minheap.push(current);
}
struct element kthsmall;
for(int i=0;i<k;i++)
{
kthsmall = minheap.top();
minheap.pop();
if(kthsmall.i+1 >= n)
{
struct element current(INT_MAX,-1,-1);
minheap.push(current);
}
else
{
struct element current(matrix[kthsmall.i + 1][kthsmall.j],kthsmall.i+1,kthsmall.j);
minheap.push(current);
}
}
return kthsmall.val;
}
int main()
{
vector< vector<int> > matrix {
{15, 25, 31, 43},
{16, 27, 36, 45},
{28, 30, 39, 49},
{33, 35, 40, 50},
};
int k = 3;
int ans = kthSmallestElement(matrix,k);
if(ans == -1){
cout<<k<<" smallest element doesn't exist.";
}
else{
cout<<k<<" smallest element is "<<ans<<endl;
}
return 0;
}
```

**Complexity Analysis:**

**Time Complexity: O(k logn)**

Building a min-heap takes O(n) time and as heapify takes O(log n) time therefore k times heapify takes O(k logn) time.

**Space Complexity:** O(n),

Min-Heap stores one row at a time so the space complexity is O(n).

# Using binary search

In this approach we use binary search to iterate over possible solutions. We know that answer >= mat[0][0] and also answer <= mat[N-1][N-1]. So mat[0][0] and mat[N-1][N-1] can represent the “range” i.e., the low and the high values for the Binary Search.

**Algorithm:**

- We start the Binary Search with low = mat[0][0] and high = mat[n-1][n-1].
- We then find mid of low and high. But this middle number is may not necessarily be an element in the matrix.
- We count all the numbers smaller than or equal to mid element in the matrix. We can do this in O(N) as the matrix is sorted.
- If this count is less than ‘K’, we update low = mid+1 and search in higher part of the matrix.
- Else if the count is greater than or equal to ‘K’, we update high = mid and search in the lower part of the matrix.
- When value of low and high become equal and the loop terminates, low contains the value of k-th smallest element.

**Example:**

matrix =

15, 25, 31, 43

16, 27, 36, 45

28, 30, 39, 49

33, 35, 40, 50

low=15 and high=50

*Steps:*

low high mid count

15 50 32 7 (count is not lesser than 3 ∴ high = mid)

15 32 23 2 (count is lesser than 3 ∴ low = mid + 1)

24 32 28 5 (count is not lesser than 3 ∴ high = mid)

24 28 26 3 (count is not lesser than 3 ∴ high = mid)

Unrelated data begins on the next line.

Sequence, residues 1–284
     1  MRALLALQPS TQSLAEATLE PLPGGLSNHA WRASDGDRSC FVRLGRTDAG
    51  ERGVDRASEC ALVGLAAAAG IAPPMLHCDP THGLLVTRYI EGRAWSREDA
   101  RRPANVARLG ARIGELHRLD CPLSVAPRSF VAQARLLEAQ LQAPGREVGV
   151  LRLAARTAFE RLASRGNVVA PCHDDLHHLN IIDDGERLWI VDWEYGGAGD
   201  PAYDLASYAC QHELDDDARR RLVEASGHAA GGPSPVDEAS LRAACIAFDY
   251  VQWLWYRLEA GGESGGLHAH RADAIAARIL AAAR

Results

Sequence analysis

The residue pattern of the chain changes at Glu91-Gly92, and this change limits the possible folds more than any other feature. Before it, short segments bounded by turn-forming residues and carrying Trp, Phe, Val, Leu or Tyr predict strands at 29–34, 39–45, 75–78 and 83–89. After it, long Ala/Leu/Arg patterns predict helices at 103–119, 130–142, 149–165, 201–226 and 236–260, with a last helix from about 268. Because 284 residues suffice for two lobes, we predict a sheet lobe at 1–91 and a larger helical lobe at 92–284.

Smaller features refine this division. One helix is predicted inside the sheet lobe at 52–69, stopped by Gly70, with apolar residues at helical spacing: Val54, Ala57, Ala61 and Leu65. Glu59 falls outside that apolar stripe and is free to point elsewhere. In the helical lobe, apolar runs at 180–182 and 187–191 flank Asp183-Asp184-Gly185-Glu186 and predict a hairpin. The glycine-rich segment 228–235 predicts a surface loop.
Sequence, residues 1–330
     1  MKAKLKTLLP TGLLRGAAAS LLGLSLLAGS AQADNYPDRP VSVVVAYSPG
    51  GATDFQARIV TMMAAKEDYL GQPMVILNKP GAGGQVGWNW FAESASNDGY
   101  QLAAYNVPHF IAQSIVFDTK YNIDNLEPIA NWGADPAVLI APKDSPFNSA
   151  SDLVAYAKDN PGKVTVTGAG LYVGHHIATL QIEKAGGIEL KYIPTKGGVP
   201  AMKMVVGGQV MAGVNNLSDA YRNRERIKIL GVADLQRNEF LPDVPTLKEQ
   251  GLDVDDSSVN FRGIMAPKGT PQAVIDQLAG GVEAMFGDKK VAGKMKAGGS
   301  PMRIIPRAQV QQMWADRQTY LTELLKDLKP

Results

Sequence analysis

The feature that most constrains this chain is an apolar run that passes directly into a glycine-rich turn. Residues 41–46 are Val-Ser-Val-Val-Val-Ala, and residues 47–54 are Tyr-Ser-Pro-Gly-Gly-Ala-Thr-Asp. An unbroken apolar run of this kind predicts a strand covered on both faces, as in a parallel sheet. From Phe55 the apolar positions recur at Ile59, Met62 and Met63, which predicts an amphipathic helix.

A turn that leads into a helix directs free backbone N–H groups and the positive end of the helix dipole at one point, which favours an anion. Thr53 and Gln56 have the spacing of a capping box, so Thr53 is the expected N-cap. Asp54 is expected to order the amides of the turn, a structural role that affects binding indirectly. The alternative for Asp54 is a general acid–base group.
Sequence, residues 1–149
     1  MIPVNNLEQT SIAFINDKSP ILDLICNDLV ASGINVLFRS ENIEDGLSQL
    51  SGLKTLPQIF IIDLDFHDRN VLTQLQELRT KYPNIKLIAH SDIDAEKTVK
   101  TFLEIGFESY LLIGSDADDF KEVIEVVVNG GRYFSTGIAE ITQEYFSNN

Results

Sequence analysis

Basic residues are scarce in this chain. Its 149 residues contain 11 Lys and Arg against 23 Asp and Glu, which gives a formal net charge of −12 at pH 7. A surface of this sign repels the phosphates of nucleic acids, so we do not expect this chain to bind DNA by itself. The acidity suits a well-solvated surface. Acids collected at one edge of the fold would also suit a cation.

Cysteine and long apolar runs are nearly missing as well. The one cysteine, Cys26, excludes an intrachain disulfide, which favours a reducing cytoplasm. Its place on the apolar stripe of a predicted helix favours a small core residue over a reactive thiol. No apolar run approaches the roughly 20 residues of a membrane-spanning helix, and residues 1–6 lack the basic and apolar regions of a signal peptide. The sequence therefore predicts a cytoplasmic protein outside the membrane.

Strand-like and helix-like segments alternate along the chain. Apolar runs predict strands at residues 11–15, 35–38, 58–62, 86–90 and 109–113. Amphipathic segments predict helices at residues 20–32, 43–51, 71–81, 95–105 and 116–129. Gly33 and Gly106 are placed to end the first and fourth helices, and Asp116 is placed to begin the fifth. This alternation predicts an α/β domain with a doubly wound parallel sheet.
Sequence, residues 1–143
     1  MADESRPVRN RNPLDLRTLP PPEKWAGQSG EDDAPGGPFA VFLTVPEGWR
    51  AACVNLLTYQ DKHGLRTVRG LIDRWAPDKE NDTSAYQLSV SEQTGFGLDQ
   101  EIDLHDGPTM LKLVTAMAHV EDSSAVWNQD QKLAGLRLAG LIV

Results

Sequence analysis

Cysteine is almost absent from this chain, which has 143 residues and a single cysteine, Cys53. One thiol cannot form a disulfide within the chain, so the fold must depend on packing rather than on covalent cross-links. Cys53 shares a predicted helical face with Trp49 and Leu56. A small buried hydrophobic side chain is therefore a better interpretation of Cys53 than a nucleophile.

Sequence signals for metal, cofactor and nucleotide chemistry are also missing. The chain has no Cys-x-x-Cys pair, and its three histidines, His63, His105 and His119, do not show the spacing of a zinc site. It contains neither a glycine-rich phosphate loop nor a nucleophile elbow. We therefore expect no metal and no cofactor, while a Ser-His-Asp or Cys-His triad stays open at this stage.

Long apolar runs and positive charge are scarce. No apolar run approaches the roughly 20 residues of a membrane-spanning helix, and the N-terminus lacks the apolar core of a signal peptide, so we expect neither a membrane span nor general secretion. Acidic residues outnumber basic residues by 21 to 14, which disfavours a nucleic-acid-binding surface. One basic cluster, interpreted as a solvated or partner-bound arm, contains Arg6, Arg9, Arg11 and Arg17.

24 26 25 3 (count is not lesser than 3 ∴ high = mid)

24 25 24 2 (count is lesser than 3 ∴ low = mid + 1)

25 25 (low is not lesser than mid, loop terminates)

**Implementation:**

```
#include <iostream>
#include <bits/stdc++.h>
using namespace std;
int kthSmallestElement(vector < vector<int> > matrix,int k)
{
int n = matrix.size();
if(k == 0 || k > n*n || n == 0)
return -1;
if(k == 1)
return matrix[0][0];
int low = matrix[0][0];
int high = matrix[n-1][n-1];
while (low < high)
{
int mid = low + (high - low) / 2;
int count = 0;
int j = n - 1;
for (int i = 0; i < n; i++)
{
while (j >= 0 && matrix[i][j] > mid)
j--;
count += (j + 1);
}
if (count < k)
low = mid + 1;
else
high = mid;
}
return low;
}
int main()
{
vector< vector<int> > matrix {
{15, 25, 31, 43},
{16, 27, 36, 45},
{28, 30, 39, 49},
{33, 35, 40, 50},
};
int k = 3;
int ans = kthSmallestElement(matrix,k);
if(ans == -1){
cout<<k<<" smallest element doesn't exist.";
}
else{
cout<<k<<" smallest element is "<<ans<<endl;
}
return 0;
}
```

**Complexity Analysis**

**Time Complexity : O(n)**

O(n log(max-min)) = O(n log(const)) = O(n)

max and min both are integers as max-min is the difference between largest and smallest values in the matrix so the maximum difference can’t be more than maximum integer value and hence the difference max-min becomes constant.

**Space Complexity : O(1)**

So by the end of this article you must have a clear understanding of how to find the kth smallest element in a row and column wise sorted matrix.

With this article, you must have a strong knowledge to find the